Of passenger*. In the one case, you would get \ery
excellent terms; in the other, you would be obliged to
pay very high, because you must pay the expense of the
train, tbe police, the eight establishment and every
Other expense Incident to jour order." We have no
such tervice performed in this oountry as here described.
1 find, notwithstanding this extravapftnt Award of
>461 VJiJj, per mile per annum in favor of the North
IJnion Railway t ompauy. that the prices paid for railroad
mall conveyance in Kngland in 1S47, a? Tag"',
sccording to the best data that could be obtained, l'i
2-10 cents for each single mile The railroad mail ser
vice in tlie United States stands for the last y<-arat the
avt rsge of 13 40-11)0 cent* per single mill*. I believe
we would bave better servloe performed between the
port offices and the depots, especially at the large cities,
and make more satisfactory arrangements wlih the
companies, if ww were to confine their service to the 1
rails, as in Great Britain - and if the department were
to conslruct its own railroad cars, a proper dnduoti . n
being made in the company's pay, it would bave suitable
apartments for its mails and agents, on other rail- ' 1
roads than those between Washington end I'hlladephia.
The mode of settling price* f >r railway mail :
service by aibitratloa is. I am persuaded, unfavorably
regarded in Knglacd. a searching investigation bavins 1
W. inln An.. /.1 ha.-n r.ll f h n <
Parliamentary Committee, and great reluctance since '
having been manifested iu getting up any more arbitrations
In reference to tne vexed questions of rail- !
road compensation with which thin Department loan- [
noyed, I humbly ask, why are not the committees of
Cotpress, and Congress itself, the best arbitrators.' Let I
the Departmcntsend in its estimate.specify ing theconipensption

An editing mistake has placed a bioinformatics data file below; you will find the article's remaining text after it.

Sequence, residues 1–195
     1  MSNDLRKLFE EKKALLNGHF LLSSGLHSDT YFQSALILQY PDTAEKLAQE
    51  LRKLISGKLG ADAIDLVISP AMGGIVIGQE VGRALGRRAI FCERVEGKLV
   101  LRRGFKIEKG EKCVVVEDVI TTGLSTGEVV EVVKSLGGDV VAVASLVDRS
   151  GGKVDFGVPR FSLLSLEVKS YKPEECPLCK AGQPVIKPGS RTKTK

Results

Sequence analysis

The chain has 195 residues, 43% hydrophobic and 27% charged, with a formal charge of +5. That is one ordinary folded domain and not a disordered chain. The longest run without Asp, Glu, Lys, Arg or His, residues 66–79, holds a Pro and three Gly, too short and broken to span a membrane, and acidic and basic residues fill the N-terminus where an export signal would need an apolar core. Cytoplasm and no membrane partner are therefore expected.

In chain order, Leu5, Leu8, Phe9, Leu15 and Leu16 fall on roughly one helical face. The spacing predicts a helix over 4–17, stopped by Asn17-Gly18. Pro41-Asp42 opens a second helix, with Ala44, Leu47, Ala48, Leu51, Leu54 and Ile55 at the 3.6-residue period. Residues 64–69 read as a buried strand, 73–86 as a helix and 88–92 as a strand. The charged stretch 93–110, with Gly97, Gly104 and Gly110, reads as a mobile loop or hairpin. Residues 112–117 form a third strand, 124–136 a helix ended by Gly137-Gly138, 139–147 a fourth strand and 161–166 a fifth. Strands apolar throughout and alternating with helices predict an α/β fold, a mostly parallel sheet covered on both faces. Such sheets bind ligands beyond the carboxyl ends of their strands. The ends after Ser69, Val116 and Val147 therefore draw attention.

for each road?let it be heard in applanation
and the companies in oppafitlon, i( they desire; and !
in the .Appropriation Act for the service of the depart
mrnts let a sahedule be referred to or incorporated i
which will settle each case, and leave no chance to j
dispute afterwards what the law Is in the matter Tho
absolute power of the British Postmaster General over I
railways enables hiia to tlx departures and arrivals i
at hours that best suit the public convenience, in 1
respect solely to their mails Instead of their chief
mails beirg despatched as ours are from New Vork,
at half-pai-t lour In the afternoon, they are not permitted
to leave Loudon till nine and ten at night ?
thus allowing ample time for the prepxratlon ot correspondence
after the business of the day is over, and
ample time to mail it after it is deposited in the otllue.
On the same principle the mails are brought into
London atfiom three to tive o'clock in the morning?
glvlrg njlfloient time at the office to open, assort, and <
prepare thvm for delivery at the earliest buiilaess
hours of the day. For want of such power, such arrangements
are impossible here, wherever the com pa
nies fltil it is not for their interests, iu reference to
(he Lett accommodation of the travel, to run at {
night,
IV. Msir. OO?ITRACTS, I
In Kranee and Germany tbey are made at flied i
pricts?being in Kranoe a certain allowance for
acli horse and each driver for each six miles of |
travd ; and in Germany an allowance per mile for i
the ordinary fervice, with a share *f the profit
on extra work, and a nominal allowance for each
borie kept and used ; which, however, is after- i
wards mrdifad according to ciroum.nanc-s, so as
to be sufficient to pay sxpenies, and give a pr?- : ?
per rate cf interest on capital, anil gratuities to ?
punviiiiuu*. vuat urn vt?rj pprvimuj ^iutiuovi iui iu vumr | p
arrangemeuts. evrn to the Item of ' beer money.'' ,j
(CD'rsota are given, with sureties for faithful per- ?
lorenDcc, and l'or a certain term of years, varying n
from four to fix. On the continent, pa^encers are 0
convejed hy the post departments. Not so In (ircat '
Ilrttuin; that is there exclusively the business of the I f
mail contractors. On the principal routes the depart- | _
ment obtains the coaches of one ?et of contractors,
the eoa ;h builders, and the service of horsing the |(
coaches and conveying the malls In them of another, 1 a
culled the mail contractors, with privilege to them to
convey a limited number of pasrengera at their o?n t
proflt, Contracts In Ureat Britain are let on full ! a
competition, and for a term of years; but do not ex- p
plre at the time i?t unless the department or the con- c
tractor gtvn three months previoui natice; nor does t;
it ct are at aay subsequent time but upon su<-h notlc*,
except In cafe of the dra'h of the contractor, or ita ! p